hj2222 says

Go to college? Really? Sure, we don't have 2 pennies to rub together, but hey... let me quit one of my 3 jobs and get loans to the tune of $20k or more

Community colleges let you take classes for $100/credit hour ($12K for a four year degree). Split over enough years (I know people who graduated from a grocery store to Bell Labs that way) that's priced competitively with your son's smart phone plan. Stafford loans can cover the costs of living while earning a degree for more immediate gratification.

, keep my other 2 jobs while I am at school and just not sleep for 2 or 4 years, and then apply to every company that would respect my new degree and then have to take my old job back at McDonald's because there ARE NO jobs available for new graduates with no experience.

While it's no longer possible to get a job with _any_ degree _some_ degrees earned at _state_ schools make financial sense.

A philosophy degree will qualify you for law school, although without getting into the top 7? you're likely to have problems making enough to pay for the loans.

Starting compensation at the big Silicon Valley companies is over $100K for new graduates (although rent's likely to be $2000 a month). Many software companies hire a _lot_ of new graduates because they can't hire enough more experienced people. Even startups are hiring new graduates for their first real job. I got a minion straight out of UC Santa Cruz.

One of my nieces is doing fine after getting a nursing degree. Our daughter earned a geography degree and became an urban planner.

@Edvard2...Rent a room? That is assuming there is a room to rent. Most rents are out of touch for anything more than 1 bedroom.

There are plenty of rooms to rent.

College towns have off-campus student housing offices which list rooms for rent and pair people looking to split rent on a larger place with a lower per-person costs. Those offices are often not-for-profit and open to non-students.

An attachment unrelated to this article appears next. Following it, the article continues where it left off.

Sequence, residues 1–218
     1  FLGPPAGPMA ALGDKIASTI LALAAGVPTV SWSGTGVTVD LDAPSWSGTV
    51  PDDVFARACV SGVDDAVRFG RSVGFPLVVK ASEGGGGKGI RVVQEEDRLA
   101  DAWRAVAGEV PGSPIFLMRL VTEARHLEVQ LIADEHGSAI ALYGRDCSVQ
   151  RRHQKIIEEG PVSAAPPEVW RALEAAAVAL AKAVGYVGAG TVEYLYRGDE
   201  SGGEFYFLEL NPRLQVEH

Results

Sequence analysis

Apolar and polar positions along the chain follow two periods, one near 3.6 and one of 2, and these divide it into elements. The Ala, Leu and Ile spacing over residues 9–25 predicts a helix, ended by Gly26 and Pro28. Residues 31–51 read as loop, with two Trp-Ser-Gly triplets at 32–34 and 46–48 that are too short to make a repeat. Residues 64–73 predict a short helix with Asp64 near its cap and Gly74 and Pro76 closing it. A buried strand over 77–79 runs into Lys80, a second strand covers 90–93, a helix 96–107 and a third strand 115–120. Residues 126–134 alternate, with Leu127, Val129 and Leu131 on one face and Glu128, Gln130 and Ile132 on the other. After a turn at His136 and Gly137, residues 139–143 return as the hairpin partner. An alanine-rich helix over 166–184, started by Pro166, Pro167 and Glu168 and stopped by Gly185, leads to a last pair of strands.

There are for profit rental companies which match room-mates to each other as one of their services (http://www.housinghelpers.com).

Hippies often take house mates to live in a more affordable and ecologically sound way. You'll find their co-housing advertisements at natural food stores and presumably other places they congregate.

People with low wages compared to local housing costs often split places. They advertise on bulletin boards at work, in grocery stores, convenience stores, etc.

Craigslist has a "rooms and shares" category.

It's not the "adult" thing to do, although where that can mean working 15 hours less each week or more money for discretionary spending lots of people find it the right trade-off.

hj2222 says

I sat with my 22 year old son and tried to help him work out what he needs to survive. With the figures we came up with, after rent $650,

When I started living on my own I got a room in a house for $300 because I couldn't afford $500-$600 for a one-bedroom apartment in the expensive town I was living in.

power $120,

House mates also meant that my utility bill was a lot less.

Phone (cell only) $110,

Your son does not NEED a luxurious $1320 / year data plan that he must work four hours a week to pay for. Although I'm a Silicon Valley geek with two children in their odyssey years I wouldn't buy one for myself. A $45/month Cricket phone with unlimited talk and text would save $780 a year. The $10/month + taxes it cost to add each of our adult children to our cellular plan (voice and text only, unlimited calling to us) beats that by nearly $1200. A $17.96 T-mobile phone from Walmart plus a $100 1000 minute charge may be attractive.